The Advisory Commission's comprehensive plan recommends:
1) Expanding and expediting floodway buyouts, with State Blue Acres funds and FEMA funds.
2) Encouraging home elevation projects in flood prone areas if acquisition is not an option.
3) Buying undeveloped land for use as flood storage areas.
4) Improving operation of the Pompton Lakes dam floodgates.
5) Initiating de-snagging and shoal dredging efforts to facilitate improved river flows.
6) Removing feeder dams to offer flood relief to Pompton Lakes, Wayne and Pequannock.
7) State adoption of National Flood Insurance Program regulations to ensure state rules are consistent with local flood control ordinances, and eliminating the risk that FEMA could suspend its flood insurance program in New Jersey.
8) Expediting the DEP's permit process to let towns more quickly obtain permits to de-snag and remove river debris, repair retaining walls and remove shoals.
9) Improving effectiveness and efficiency of county and local emergency response plans.
10) Enhancing the Passaic River flood warning system.
11) Contracting with the National Weather Service to create inundation maps to provide critical information to enable quicker flood projections and greater storm preparedness.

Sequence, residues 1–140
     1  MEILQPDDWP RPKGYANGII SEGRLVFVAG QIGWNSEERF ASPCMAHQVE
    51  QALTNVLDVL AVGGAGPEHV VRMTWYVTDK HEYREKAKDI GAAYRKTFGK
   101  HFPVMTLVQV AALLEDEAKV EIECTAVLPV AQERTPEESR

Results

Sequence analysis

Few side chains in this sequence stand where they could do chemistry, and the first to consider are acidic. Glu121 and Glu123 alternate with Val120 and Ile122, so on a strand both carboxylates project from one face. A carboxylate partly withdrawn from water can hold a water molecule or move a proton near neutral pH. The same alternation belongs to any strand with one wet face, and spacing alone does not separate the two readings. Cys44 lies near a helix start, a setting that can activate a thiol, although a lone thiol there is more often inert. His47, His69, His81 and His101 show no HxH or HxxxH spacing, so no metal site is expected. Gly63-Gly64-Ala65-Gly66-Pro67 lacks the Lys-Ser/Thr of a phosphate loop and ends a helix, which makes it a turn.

12) Enhancing public involvement, information and outreach on flood issues.
13) Requesting a re-evaluation by the Army Corps of Engineers of the larger potential major engineering projects for long-term flood damage reduction.
14) Updating floodplain mapping to eliminate decades-old maps that do not include detailed modeling of floodplains.
15) Having towns in the Passaic River Basin pursue flood risk reduction changes to their master plans, zoning ordinances and flood prevention ordinances, to guide future development away from floodplains or prevent future development in these high risk flood-prone areas.

The cost of implementing these recommendations varies significantly. But there is money available to at least begin all 15 points.